Aneuploidy is an abnormal number of chromosomes, literally an-(not) ploidy (well, good). The normal number of chromosomes is haploid. Diploid is 2 equal sets of chromosomes.

The main types are X_ (monosomy X, Turner syndrome), XXX (trisomy X) and XXY (Kleinfelter syndrome). They occur because of failure of the chromosomes to come apart (nondisjunction) during meiosis (mitotic nondisjunction).

X_ individuals are female with that are infertile. They have afollicular ovaries and the female genitalia can be normal or hypoplastic.

XXX individuals are female, infertile and have underdeveloped genitalia.

XXY individuals are either male or female. Those with ovarian development are females with afollicular ovaries and abnormal female genitalia. XXY males have hypoplastic testes some have a uterus.

Chimeras and Mosaics

A chimera is a mythological creature with the head of a lion, the body of a goat and the tail of a serpent. The mythical centaur, the veterinary symbol, is a chimera. The product of mating of a donkey and horse (mule or hinny) is a chimera. The usual chimera in DSD are XX/XY chimeras which form when the cells of different zygotes fuse. A freemartin is a chimera.

Mosaics are similar but the error is the result of non-disjunction in a single zygote. Examples include XX/X_, XX/XY, XX/XXY. The phenotype is dependent on the amount of testicular tissue. Some have testes, others ovaries and some ovotestes.

XX Disorders of Sexual Development

Mammals with an XX DSD have sex chromosomes that are XX (female) but their chromosomal and gonadal type or phenotype do not agree. This was called XX sex reversal. The subgroupings of XX DSD are based on gonadal type (the type of gonad is either dygenetic, ovotestis or testis), and for those with normal ovaries, there are those with androgen excess from abnormal hormonal or receptor function, and miscellaneous conditions like vaginal atresia and uterine anomalies.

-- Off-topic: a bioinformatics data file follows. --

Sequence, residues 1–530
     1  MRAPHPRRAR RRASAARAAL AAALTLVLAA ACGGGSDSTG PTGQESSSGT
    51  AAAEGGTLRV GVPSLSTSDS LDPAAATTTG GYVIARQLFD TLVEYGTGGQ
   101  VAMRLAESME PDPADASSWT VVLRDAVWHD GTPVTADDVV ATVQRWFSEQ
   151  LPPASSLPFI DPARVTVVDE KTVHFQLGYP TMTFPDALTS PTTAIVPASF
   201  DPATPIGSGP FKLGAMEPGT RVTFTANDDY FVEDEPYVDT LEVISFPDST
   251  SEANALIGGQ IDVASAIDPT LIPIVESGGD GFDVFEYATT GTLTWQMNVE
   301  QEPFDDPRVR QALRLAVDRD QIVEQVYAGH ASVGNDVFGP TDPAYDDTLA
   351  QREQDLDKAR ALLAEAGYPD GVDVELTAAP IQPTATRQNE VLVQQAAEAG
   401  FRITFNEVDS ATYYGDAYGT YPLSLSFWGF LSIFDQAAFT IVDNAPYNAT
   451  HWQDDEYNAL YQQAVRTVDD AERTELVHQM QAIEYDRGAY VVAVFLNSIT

Where possible, the genetic alterations should be included in the complete definition, thus there are XX SRY+ and XX SRY- DSD.

XX DSD, normal testis

These individuals have an XX sex chromosomes, no SRY and either normal ovaries or testes. External or altered androgen and or receptor function results in virilization of the female. Also included in this grouping are the many different anomalies of the internal or external female tubular genitalia.

XX DSD, normal ovaries

These individuals have an XX sex chromosomes, no SRY and either normal ovaries or testes. External or altered androgen and or receptor function results in virilization of the female. Also included in this grouping are the many different anomalies of the internal or external female tubular genitalia.

XX DSD, hypoplastic gonad (usually testis)

These individuals have an XX genotype and gonads that are hypoplastic testes. The hypoplasia is defined as fewer seminiferous tubules without germ cells usually, and an edematous stroma.

XX DSD, Gonadal dysplasia

Gonadal dysplasia is defined as a gonal with architectural disorganization, rrregular, branched seminiferous tubules, thin irregular testicular capsule and a fibrous interstitium.

XX DSD, Streak gonad

A streak gonad is one with abundant fibroblastic interstitium, no tubules and no follicles

XX DSD, ovotestis

 

 

 

 

 

 

XY Disorders of Sexual Development

The development of gonads and the development of the duct systems and external genitalia are 3 different areas to consider. Normally, the genes activated in those destined to have male gonads result in the production of the testis determining factor. This is usually controlled by the sex determining region of the Y chromosome (SRY). There is a very complicated process involving the formation of the stroma of the gonads and interaction with the duct system. The development of the gonad drives the development or lack of the other areas. The mesonephric duct and tubules develop and the paramesonephric duct forms - these are formed from the coelomic surface by a process of invagination.